Skip to main content

Fuel consumption for various driving styles in conventional and hybrid electric vehicles: Integrating driving cycle predictio...

by Jackeline Rios Torres, Jun Liu, Asad Khattak
Publication Type
Journal Name
International Journal of Sustainable Transportation
Publication Date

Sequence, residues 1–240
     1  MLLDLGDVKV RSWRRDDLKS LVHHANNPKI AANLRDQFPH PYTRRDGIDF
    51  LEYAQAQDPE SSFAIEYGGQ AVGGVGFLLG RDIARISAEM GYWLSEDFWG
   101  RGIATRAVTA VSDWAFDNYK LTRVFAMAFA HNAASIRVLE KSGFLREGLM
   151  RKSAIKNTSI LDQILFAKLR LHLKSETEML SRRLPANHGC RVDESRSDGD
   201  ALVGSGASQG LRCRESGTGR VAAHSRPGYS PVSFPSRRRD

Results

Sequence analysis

Improving fuel economy and lowering emissions are key societal goals. Standard driving cycles, pre-designed by the US Environmental Protection Agency (EPA), have long been used to estimate vehicle fuel economy in laboratory-controlled conditions. They have also been used to test and tune different energy management strategies for hybrid electric vehicles (HEVs). This paper aims to estimate fuel consumption for a conventional vehicle and a HEV using personalized driving cycles extracted from real-world data to study the effects of different driving styles and vehicle types on fuel consumption when compared to the estimates based on standard driving cycles. To do this, we extracted driving cycles for conventional vehicles and HEVs from a large-scale U.S. survey that contains real-world GPS-based driving records. Next, the driving cycles were assigned to one of three categories: volatile, normal, or calm. Then, the driving cycles were used along with a driver-vehicle simulation that captures driver decisions (vehicle speed during a trip), powertrain, and vehicle dynamics to estimate fuel consumption for conventional vehicles and HEVs with power-split powertrain. To further optimize fuel consumption for HEVs, the Equivalent Consumption Minimization Strategy (ECMS) is applied. The results show that depending on the driving style and the driving scenario, conventional vehicle fuel consumption can vary widely compared with standard EPA driving cycles. Specifically, conventional vehicle fuel consumption was 13% lower in calm urban driving, but almost 34% higher for volatile highway driving compared with standard EPA driving cycles. Interestingly, when a driving cycle is predicted based on the application of case-based reasoning and used to tune the power distribution in a hybrid electric vehicle, its fuel consumption can be reduced by up to 12% in urban driving. Implications and limitations of the findings are discussed.